Athletic and classic footwear merged into a modern, minimal luxury product following a strict set of design and manufacturing principles. Each product is built entirely by hand from natural materials, produced in limited numbers with a carefully selected group of master craftspeople from around the world.
HOW THEY WORK
FEIT stands for athletic and classic footwear merged into a modern, minimal luxury product following a strict set of design and manufacturing principles. They use traditional production techniques, because "products of integrity are created when construction leads design and a human implements it." All products are made by hand. Their construction is chosen to root the individual on firm ground by providing balance, stability, and longevity. See how it's done here.
Products will be in harmony with the individual and the earth on which he stands when natural materials are used in their creation. That's why FEIT adheres to a strict policy of using biological materials and natural treatments where possible. Natural materials breathe, patina, take on the shape of, and become one with, the wearer.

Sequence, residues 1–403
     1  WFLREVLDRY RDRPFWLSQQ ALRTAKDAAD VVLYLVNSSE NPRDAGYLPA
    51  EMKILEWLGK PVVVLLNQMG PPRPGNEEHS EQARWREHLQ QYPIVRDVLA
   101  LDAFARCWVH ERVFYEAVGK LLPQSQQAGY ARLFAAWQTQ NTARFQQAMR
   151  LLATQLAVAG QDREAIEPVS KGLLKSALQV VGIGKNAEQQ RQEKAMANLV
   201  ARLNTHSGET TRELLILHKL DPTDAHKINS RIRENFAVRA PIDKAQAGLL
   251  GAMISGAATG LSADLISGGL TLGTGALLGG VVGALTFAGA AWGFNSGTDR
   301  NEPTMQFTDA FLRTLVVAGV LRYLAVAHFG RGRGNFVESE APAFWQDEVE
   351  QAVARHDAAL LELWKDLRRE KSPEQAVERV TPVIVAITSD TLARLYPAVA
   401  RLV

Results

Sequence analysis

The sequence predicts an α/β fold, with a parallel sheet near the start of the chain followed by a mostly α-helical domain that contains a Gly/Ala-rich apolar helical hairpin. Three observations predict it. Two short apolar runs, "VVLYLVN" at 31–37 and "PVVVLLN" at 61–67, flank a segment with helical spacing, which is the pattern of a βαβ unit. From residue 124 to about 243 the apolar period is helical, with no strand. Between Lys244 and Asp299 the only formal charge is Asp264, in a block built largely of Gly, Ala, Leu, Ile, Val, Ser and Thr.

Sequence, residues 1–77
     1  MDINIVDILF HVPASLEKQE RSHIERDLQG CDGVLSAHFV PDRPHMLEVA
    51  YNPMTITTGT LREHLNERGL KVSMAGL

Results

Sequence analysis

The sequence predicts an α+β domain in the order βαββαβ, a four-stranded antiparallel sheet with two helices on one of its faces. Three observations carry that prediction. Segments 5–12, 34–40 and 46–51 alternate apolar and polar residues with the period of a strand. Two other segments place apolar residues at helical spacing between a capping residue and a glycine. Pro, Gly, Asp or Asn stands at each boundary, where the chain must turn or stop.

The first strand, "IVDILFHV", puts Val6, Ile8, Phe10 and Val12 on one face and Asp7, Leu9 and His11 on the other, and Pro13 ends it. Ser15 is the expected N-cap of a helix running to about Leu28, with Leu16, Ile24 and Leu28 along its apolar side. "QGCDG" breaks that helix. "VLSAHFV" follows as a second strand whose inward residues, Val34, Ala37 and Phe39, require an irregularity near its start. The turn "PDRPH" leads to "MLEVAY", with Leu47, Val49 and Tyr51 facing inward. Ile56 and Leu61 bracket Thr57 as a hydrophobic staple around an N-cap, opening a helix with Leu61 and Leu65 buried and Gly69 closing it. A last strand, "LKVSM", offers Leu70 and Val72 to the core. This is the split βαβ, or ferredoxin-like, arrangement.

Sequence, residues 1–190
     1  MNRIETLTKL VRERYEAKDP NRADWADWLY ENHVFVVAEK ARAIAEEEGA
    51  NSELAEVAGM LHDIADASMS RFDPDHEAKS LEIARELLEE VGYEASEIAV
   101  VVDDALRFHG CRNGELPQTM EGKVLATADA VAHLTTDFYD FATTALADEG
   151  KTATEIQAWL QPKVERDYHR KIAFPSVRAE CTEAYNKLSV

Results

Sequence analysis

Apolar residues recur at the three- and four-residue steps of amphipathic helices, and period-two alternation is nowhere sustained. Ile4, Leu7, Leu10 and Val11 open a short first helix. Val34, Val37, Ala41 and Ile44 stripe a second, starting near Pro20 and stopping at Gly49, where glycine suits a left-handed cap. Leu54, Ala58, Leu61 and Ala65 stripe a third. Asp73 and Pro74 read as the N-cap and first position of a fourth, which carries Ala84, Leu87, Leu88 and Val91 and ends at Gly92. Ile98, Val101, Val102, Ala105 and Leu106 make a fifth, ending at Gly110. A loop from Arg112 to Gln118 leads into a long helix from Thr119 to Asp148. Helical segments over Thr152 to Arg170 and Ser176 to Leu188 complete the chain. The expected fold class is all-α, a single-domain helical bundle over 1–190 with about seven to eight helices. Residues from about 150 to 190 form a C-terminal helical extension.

The above benefits are the result of three main elements: Leather, treatments, components. Learn more about it here.
Tull Price’s career in footwear started when he launched Royal Elastics with two friends at the early age of 20. What started as a fun project grew into a footwear company with global distribution.
During the ten years he ran the company and especially after its sale, Tull witnessed the shortcomings of production on a mass scale. The corporate pressure to create quarterly growth led to extreme cost-cutting, which exacerbated the existing problems inherent to mass production such as automation and the use of synthetics and toxins, leading to increased waste and landfill.
FEIT was born as a reaction—an evolution of consumerism and production, moving away from volume and excess and towards quality, sustainability, and the pursuit of product integrity.
To help refine this idea, Tull spent most of the next ten years studying and working in Europe, to learn from its use of traditional production techniques and its insights into capitalism and longevity—insights increasingly relevant in today’s world.